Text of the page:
Last night I watched the oldest Junior Hall perform at an Open Mic night. He’d played before but this was the first time that the Beneficent Mr. Hall and I had been allowed to come watch (which is kind of funny because the Beneficent Mr. Hall paid for the first guitar that started Junior on his road to guitar playingdom–EIGHT years ago).
Naturally, we thought he was brilliant. But he was sorely disappointed in his playing…he’d been nervous and didn’t play that well, he thought. Whereas I thought how hard it is to get up in front of a bunch of people and sing your own lyrics and play your own music and was totally impressed that he could stand up there and bare his heart and soul.
Listening to him berate his efforts sounded a lot like…me. And lots of writers I know. No matter how well we write, we’re still insecure about the words on the pages we’ve written. No matter how often we’re published, we still look at our published pieces and wished we’d said this (scathingly brilliant sentence) instead of that (string of stinky crap).
After a bit (and a parental pep talk and a couple folks who said they liked his voice), Junior Hall was ready to go. The performers are given a CD of their 15 minutes of fame, and he was sounding more hopeful. He said he’d listen and take notes on what needed work– and that he’d be back the next week to try again. And when the Beneficent Mr. Hall and I got in the car to leave, I thought of…yep, me and lots of writers I know and how important it is to have a critique group–or a trusted someone or two to share our work with, maybe get a pep talk. Because that’s what we need as well when we’re not feeling good about our written words. Then we can take notes and try again.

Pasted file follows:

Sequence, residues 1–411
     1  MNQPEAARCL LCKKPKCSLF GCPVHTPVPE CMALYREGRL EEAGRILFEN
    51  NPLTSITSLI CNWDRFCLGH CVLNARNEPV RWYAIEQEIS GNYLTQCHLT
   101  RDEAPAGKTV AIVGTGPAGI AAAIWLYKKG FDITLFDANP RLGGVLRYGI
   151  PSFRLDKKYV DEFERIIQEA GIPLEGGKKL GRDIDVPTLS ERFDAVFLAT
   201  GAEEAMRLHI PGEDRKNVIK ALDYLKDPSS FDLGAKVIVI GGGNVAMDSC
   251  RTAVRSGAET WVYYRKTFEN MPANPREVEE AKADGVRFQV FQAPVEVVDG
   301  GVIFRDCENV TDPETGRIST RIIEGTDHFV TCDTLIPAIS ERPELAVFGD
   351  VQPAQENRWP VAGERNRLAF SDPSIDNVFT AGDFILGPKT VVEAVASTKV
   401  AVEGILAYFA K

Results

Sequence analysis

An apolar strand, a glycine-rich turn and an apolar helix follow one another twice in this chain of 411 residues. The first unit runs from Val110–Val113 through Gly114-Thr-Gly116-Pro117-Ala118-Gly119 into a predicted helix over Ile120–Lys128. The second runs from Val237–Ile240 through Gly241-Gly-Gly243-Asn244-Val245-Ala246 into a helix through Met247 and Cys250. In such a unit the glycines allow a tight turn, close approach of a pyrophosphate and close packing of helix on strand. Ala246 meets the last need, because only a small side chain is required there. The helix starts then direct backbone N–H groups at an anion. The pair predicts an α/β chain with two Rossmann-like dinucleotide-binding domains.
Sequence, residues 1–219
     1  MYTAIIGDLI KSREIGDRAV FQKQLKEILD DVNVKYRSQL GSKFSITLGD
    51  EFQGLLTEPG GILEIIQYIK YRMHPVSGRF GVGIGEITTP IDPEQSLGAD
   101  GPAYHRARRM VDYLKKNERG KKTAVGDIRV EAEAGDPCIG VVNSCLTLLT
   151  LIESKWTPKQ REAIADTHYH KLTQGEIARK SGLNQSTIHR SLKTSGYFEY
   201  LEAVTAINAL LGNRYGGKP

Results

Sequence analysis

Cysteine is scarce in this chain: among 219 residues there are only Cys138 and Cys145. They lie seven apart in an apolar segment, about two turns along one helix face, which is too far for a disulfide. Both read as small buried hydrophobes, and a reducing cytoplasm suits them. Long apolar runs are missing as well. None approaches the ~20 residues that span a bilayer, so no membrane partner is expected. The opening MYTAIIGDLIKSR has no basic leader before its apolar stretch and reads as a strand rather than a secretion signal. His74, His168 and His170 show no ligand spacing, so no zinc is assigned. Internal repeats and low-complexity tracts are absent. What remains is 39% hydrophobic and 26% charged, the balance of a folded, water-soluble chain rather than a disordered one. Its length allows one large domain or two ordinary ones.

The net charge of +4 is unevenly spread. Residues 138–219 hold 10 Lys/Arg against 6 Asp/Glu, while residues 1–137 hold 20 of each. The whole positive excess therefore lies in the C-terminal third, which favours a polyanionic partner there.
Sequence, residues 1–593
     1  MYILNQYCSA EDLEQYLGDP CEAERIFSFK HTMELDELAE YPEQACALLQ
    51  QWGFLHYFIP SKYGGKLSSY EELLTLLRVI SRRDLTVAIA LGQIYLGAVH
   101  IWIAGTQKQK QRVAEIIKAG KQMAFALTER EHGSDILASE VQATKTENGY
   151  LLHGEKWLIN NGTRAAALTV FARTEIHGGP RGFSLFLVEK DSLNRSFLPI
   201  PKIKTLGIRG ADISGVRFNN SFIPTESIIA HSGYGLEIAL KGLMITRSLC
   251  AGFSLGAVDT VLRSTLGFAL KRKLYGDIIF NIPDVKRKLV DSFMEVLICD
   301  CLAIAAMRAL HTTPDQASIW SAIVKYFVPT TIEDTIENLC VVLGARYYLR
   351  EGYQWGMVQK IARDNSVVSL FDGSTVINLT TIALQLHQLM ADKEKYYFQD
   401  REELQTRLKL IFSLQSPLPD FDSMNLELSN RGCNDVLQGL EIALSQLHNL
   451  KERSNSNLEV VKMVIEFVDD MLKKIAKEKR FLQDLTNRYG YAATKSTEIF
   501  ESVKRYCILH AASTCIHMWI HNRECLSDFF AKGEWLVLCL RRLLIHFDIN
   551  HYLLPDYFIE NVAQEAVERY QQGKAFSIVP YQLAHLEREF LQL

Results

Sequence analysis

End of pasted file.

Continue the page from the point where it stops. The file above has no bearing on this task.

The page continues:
Should John Mayer be worried about Junior Hall? Not yet. But I wouldn’t count that kid out completely–he’s pretty determined, and downright inspiring. So of course, I’m thinking about me again. I’ve got lots of notes to look at before I face the manuscript–and try again.